On the New Idol
Thus Spoke Zarathustra
11. on the new idol
Somewhere there are still peoples and herds, but not where we live, my brothers: here there are states. State? What is that? Well then, open your ears to me, for now I shall speak to you about the death of peoples.
State is the name of the coldest of all cold monsters. Coldly it tells lies too; and this lie crawls out of its mouth: I, the state, am the people. That is a lie! It was creators who created peoples and hung a faith and a love over them: thus they served life.
It is annihilators who set traps for the many and call them state: they hang a sword and a hundred appetites over them.
Where there is still a people, it does not understand the state and hates it as the evil eye and the sin against customs and rights.
This sign I give you: every people speaks its tongue of good and evil, which the neighbor does not understand. It has invented its own language of customs and rights. But the state tells lies in all the tongues of good and evil; and whatever it says it lies—and whatever it has it has stolen. Everything about it is false; it bites with stolen teeth, and bites easily. Even its entrails are false. Confusion of tongues of good and evil: this sign I give you as the sign of the state. Verily, this sign signifies the will to death. Verily, it beckons to the preachers of death.
All-too-many are born: for the superfluous the state was invented.
Behold, how it lures them, the all-too-many—and how it devours them, chews them, and ruminates!
On earth there is nothing greater than I: the ordering finger of God am I—thus roars the monster. And it is not only the long-eared and shortsighted who sink to their knees. Alas, to you too, you great souls, it whispers its dark lies. Alas, it detects the rich hearts which like to squander themselves. Indeed, it detects you too, you vanquishers of the old god. You have grown weary with fighting, and now your weariness still serves the new idol. With heroes and honorable men it would surround itself, the new idol! It likes to bask in the sunshine of good consciences—the cold monster!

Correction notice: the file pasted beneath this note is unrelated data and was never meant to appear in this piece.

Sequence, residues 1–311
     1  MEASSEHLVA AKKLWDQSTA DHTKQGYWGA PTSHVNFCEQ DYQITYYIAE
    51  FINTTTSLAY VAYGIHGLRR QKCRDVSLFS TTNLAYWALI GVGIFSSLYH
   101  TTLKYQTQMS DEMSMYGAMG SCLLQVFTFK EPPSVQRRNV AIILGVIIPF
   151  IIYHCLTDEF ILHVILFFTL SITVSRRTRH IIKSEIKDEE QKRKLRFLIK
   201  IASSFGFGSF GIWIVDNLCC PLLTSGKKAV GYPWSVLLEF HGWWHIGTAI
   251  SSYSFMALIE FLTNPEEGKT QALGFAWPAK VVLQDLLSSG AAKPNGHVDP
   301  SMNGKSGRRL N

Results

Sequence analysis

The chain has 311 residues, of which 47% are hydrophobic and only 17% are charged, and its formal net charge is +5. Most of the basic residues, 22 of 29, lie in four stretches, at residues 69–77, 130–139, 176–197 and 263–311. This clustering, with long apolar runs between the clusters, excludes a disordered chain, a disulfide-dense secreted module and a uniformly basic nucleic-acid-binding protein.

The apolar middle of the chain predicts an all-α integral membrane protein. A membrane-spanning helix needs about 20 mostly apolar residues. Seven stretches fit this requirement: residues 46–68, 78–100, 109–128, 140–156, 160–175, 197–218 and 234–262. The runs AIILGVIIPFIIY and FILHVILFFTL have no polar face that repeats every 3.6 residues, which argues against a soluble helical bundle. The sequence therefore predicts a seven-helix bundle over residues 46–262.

It will give you everything if you will adore it, this new idol: thus it buys the splendor of your virtues and the look of your proud eyes. It would use you as bait for the all-too-many.
Indeed, a hellish artifice was invented there, a horse of death, clattering in the finery of divine honors. Indeed, a dying for many was invented there, which praises itself as life: verily, a great service to all preachers of death!
State I call it where all drink poison, the good and the wicked; state, where all lose themselves, the good and the wicked; state, where the slow suicide of all is called life.
Behold the superfluous! They steal the works of the inventors and the treasures of the sages for themselves; education they call their theft—and everything turns to sickness and misfortune for them.
Behold the superfluous! They are always sick; they vomit their gall and call it a newspaper. They devour each other and cannot even digest themselves.
Behold the superfluous! They gather riches and become poorer with them. They want power and first the lever of power, much money—the impotent paupers!
Watch them clamber, these swift monkeys! They clamber over one another and thus drag one another into the mud and the depth. They all want to get to the throne: that is their madness—as if happiness sat on the throne. Often mud sits on the throne—and often also the throne on mud. Mad they all appear to me, clambering monkeys and overardent. Foul smells their idol, the cold monster: foul they smell to me altogether, these idolators.
My brothers, do you want to suffocate in the fumes of their snouts and appetites? Rather break the windows and leap to freedom.
Escape from the bad smell! Escape from the idolatry of the superfluous!
Escape from the bad smell! Escape from the steam of these human sacrifices!
The earth is free even now for great souls. There are still many empty seats for the lonesome and the twosome, fanned by the fragrance of silent seas.
A free life is still free for great souls. Verily, whoever possesses little is possessed that much less: praised be a little poverty!
Only where the state ends, there begins the human being who is not superfluous: there begins the song of necessity, the unique and inimitable tune.
Where the state ends—look there, my brothers! Do you not see it, the rainbow and the bridges of the overman?
Thus spoke Zarathustra.